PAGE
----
And if the only legal guns are within a reasonable context, then I don't think anti-gun lobbyists would be so offended. When a few atypical pro-gun people go on a rampage, pretty much laugh at the victims of mass shootings or show no outrage, and get off on waiting to continue to build to their arsenal of really big stuff, then the debate turns into name calling. While I don't condone Ted Nugent, he does admit there are some crazy psychos who give the regular hunter like him a bad name. I may not like Ted's politics, but I don't see him blowing away a theater. However, a man with a similar arsenal like Ted Nugent's thousands of guns may be a psycho and it's the latter why we do need stricter gun control laws. Just like most of us are safe drivers in safe conditions doesn't make it so we should not wear seat belts. The seat belt laws are there for the bad drivers and bad conditions that sometimes arise just like the gun laws are used to help prevent the mass homicides from a psycho with an assault rifle. While he could still do a lot of damage with a single action revolver, it wouldn't be as bad. Imagine if the psycho was allowed to carry a suitcase nuke legally. It's all about scale and an assault rifle for an individual borders on insane.

I don't see a need for AR-15s and Uzis for the average man or woman but at least rifles/shotguns and (possibly) handguns. The concealable concept of the handgun does have me a little reserved on that one though but I am totally OK with reasonable rifles and shotguns (and not the very short shotguns I sold at Big 5). That being said, like many guys who like gear, I was impressed by how short it was and still legal in California and I assume it wouldn't fly in other states. Also my buddy's AK-47 was an amazing piece of machinery but really nothing an individual citizen would need.

Let's say our government goes bad or we are invaded by a foreign army (in a day when we aren't rich or strong). I still don't think that army would get very far if we launched a Viet Cong style terrorist war against them even with small arms. What small guns we have does make it unattractive for anybody to invade us or for a domestic dictator to take over.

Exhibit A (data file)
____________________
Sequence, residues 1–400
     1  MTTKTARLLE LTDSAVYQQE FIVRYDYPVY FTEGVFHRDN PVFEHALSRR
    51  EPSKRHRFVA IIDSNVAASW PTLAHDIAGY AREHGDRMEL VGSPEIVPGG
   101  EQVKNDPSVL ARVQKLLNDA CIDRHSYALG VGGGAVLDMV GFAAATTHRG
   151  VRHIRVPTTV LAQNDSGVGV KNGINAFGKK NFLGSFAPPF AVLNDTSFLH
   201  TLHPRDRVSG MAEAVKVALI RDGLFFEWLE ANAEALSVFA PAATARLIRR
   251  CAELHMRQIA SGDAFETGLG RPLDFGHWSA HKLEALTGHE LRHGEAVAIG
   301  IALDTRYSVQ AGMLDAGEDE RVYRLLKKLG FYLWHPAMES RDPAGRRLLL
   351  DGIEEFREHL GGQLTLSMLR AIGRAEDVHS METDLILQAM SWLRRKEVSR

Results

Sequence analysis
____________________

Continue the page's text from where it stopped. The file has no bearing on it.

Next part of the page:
Last edited by 63dot; Feb 12, 2013 at 04:15 PM.
63dot is online now   0 Reply With Quote
Old Feb 12, 2013, 04:11 PM   #405
samiwas
macrumors 65816
 
Join Date: Aug 2006
Location: Atlanta, GA
Quote:
Originally Posted by 63dot View Post
Liberal argument: We no longer need firearms because we don't need a militia per se.

Conservative argument: The militia also includes individuals protecting their own property, which is just another part of America. An invader may come onto our shores successfully but would have a devil of a time going home to home with uncertainty behind every doorway.

Neither argument has any attachment to reality. We can't simply take away all guns because we don't need a militia and it may be smart to rewrite this amendment to be more clear for today's needs. Also it is a stretch to say that a well armed militia of individuals also means that guns are for recreation and protection from (domestic) home invasions by criminals.

The court is a little more conservative so it's likely they will continue to hold to the concept of a militia including the use of personal home protection and recreational use. They could argue that it doesn't say what a militia isn't.

I say let's be done with a strict reading of the 2nd only seeing "militias" or a self-serving reading saying that the 2nd implies something the founding fathers never debated much over (home invasion and recreational gun use) and rewrite it. Have both republicans and democrats in Congress agree to letting Americans bear arms, but within a reasonable context. What the heck is wrong with that?

I don't see a need for AR-15s and Uzis for the average man or woman but at least rifles/shotguns and (possibly) handguns. The concealable concept of the handgun does have me a little reserved on that one though but I am totally OK with reasonable rifles and shotguns (and not the very short shotguns I sold at Big 5). That being said, like many guys who like gear, I was impressed by how short it was and still legal in California and I assume it wouldn't fly in other states. Also my buddy's AK-47 was an amazing piece of machinery but really nothing an individual citizen would need.

Let's say our government goes bad or we are invaded by a foreign army (in a day when we aren't rich or strong). I still don't think that army would get very far if we launched a Viet Cong style terrorist war against them even with small arms. What small guns we have does make it unattractive for anybody to invade us or for a domestic dictator to take over.
Keep in mind that I (liberal) have never called for a ban of guns. I don't think that's realistic. But, I wouldn't care if they were banned. I would love if they didn't exist at all.